Some of the minor players from The Good Wife were on board, but it was up to Christine Baranski and Cush Jumbo to carry the ball – and they exceed expectations. In the absence of the Florricks, there's plenty of drama and very strong politicizing happening at Chicago law firms.

The guest star element of the original series has continued with this sequel, but they are having more fun with the storylines. The Good Wife always had a sharp sense of humor, but CBS All Access allowed the Kings to take more chances and really put the characters out there. Sometimes it works, sometimes it doesn't, but I respect the chances they take. 

The Good Fight has been picked up for a fifth season, and with our real world in total chaos, it will capitalize and provide a welcome distraction. An edited version of this quality drama will make its way to CBS. That's the place it should have been airing all along.


If there's quality TV that I'm missing, please let me know.

Wear a mask. Stay healthy and safe.

Thursday, July 16, 2020

TV Picks - Week of July 13

If it seems like every week brings yet another new streaming service, it’s because basically it does. Enter Peacock, NBCUniversal's new streaming platform, launching this Wednesday.

Let's start with the name — I think it's a horrible choice. We get the tie-in to NBC's long-time mascot and its historical meaning, but come on. “Hey, did you see that show on Peacock?” “Peacock and chill?” Did Jack Donaghy's marketing team come up with this? (More on Jack later.)

Next up is the content. Combining NBC' television library, Universal’s movie vault, and licensing shows from ViacomCBS and elsewhere provides a motherlode of viewing pleasure. Almost 20,000 hours’ worth. Most of it is old, but it's all there.

Apple and HBO have proven that a brand name alone will not carry wannabe Netflix rivals. You need to have programming that's worth paying for. Parks & Rec and The Office reruns are great, but not enough for me to crack open my wallet. I need more.

Peacock is offering three tiers. At tier one, 7,500 hours of NBCUniversal programming is yours absolutely free. Yup, free. And there's good stuff, too: Frasier. Downton Abbey. Jurassic Park. Plus they throw in some ads. (You didn't really think it was free, did you?)

Tier two (Peacock Premium) is all inclusive for $5/month. You get the free stuff plus more shows (Two and a Half Men, for example), early access to NBC's late night talk shows, and all of Peacock's original programming. Plus you still get the ads. Tier three at $10/month includes all of the above with no ads.

Leading the pack of "Peacock Originals" is an adaptation of the Aldous Huxley 1932 classic Brave New World (what a metaphor!). We all know the story since it's required reading in most schools, so the production of this updated dark world needs to be top notch. David Schwimmer returns to TV comedy (although I've seen him quite a bit lately) in Intelligence playing the lone American in British government communications headquarters. Also included at launch is Psych 2: Lassie Come Home, the second feature-length movie reuniting James Roday, Dule Hill with the cast of the long-running USA Network series. Further out, prepare for revivals of your favorite NBC classics (Punky Brewster! Saved By The Bell! ANOTHER Battlestar Galactica!).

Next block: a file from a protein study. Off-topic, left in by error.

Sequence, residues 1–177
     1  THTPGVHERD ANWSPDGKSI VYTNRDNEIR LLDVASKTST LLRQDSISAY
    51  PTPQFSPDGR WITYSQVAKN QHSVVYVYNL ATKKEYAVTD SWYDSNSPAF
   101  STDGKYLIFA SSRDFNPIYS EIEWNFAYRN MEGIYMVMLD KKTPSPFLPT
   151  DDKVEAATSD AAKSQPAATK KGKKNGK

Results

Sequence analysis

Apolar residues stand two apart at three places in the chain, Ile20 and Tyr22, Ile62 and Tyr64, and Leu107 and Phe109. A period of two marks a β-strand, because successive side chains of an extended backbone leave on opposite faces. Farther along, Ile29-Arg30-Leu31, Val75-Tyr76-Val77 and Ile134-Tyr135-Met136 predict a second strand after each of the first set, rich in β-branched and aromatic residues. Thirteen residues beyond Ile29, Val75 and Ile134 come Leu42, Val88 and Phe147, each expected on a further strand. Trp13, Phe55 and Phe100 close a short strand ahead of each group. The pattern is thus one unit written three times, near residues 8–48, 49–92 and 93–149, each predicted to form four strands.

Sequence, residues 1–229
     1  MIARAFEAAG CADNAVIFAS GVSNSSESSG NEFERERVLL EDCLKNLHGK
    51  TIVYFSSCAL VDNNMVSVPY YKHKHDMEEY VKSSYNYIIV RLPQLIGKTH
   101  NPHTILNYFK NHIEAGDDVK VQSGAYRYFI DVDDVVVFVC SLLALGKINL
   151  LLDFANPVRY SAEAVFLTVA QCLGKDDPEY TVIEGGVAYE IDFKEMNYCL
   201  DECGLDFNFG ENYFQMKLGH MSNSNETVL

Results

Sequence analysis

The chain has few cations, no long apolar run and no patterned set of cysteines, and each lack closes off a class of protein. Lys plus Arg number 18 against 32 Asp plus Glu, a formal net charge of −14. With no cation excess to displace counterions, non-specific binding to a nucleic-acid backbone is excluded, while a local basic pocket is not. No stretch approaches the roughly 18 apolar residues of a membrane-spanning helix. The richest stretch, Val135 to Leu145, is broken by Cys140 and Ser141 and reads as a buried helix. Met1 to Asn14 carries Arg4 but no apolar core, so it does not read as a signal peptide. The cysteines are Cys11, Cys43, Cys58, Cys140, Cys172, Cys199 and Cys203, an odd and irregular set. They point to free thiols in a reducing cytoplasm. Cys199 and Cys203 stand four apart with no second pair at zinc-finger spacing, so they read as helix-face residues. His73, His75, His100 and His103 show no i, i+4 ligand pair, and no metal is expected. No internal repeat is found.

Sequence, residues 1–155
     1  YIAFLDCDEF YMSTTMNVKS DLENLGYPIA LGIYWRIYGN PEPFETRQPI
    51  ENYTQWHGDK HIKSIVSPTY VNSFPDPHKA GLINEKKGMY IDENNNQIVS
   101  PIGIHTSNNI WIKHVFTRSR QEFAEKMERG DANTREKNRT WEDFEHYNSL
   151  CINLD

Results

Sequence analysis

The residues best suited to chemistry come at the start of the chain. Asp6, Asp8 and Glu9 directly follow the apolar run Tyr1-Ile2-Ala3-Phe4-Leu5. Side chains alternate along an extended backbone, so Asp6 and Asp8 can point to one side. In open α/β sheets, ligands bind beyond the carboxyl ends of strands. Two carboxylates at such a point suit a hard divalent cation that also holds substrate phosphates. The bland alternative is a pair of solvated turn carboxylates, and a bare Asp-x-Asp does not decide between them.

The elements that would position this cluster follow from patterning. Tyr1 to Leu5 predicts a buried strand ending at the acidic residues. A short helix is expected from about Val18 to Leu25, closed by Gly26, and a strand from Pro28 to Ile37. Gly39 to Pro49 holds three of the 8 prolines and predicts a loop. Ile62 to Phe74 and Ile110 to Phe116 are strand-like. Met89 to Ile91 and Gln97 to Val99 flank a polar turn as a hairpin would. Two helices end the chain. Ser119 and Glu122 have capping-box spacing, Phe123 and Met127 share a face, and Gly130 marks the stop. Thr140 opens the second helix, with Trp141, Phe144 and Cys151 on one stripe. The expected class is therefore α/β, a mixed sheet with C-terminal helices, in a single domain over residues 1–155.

Bottom line: I'm in wait and see mode on Peacock. I already get the NBC content I want on Hulu (for now), and none of the early originals feel like must-see TV. HBO Max has a comparable library and hasn't exactly lit up the streaming world. Peacock has a long way to go — can I suggest a name change as a first step?


Showbiz Kids (HBO)

Tuesday July 14 (Premiere)

Child actors in the entertainment industry — is it ever the kid's idea or is it always the parents? News flash: even if the child claims to have known since they were two that they wanted to act, it’s always the parents.

Alex Winter, aka Bill S. Preston Esq. from a most excellent adventure, directs this look at some of our favorite child stars and how things turned out. Elliott from E.T., Natalie from Mrs. Doubtfire, Willis from Diff'rent Strokes and others, including Evan Rachel Wood, detail relationships with their parents and dealing with fame at a young age.

Two aspiring child actors are also profiled as they try to maintain a healthy childhood with friends and family. Let's hope they learn their lessons early in life.

30 Rock Special (NBC)

Thursday July 16 (Premiere)

Liz Lemon and Jack Donaghy are reuniting for a one-hour special for the NBC upfronts. Tracy, Jenna, Kenneth… they'll all be there, too.

This world really has turned upside down.

An upfront is when new programming is presented to the advertising community, and TV stars show up to hobnob and take pictures with media buyers and planners. My first “real job” was working as a media buyer at the ad agency DMB&B. My first week was the upfronts, and I thought I stumbled into the greatest job in the world as I chatted up the stars of thirtysomething and China Beach. The other 51 weeks were brutal, but upfront week was a great time for the TV geek in me.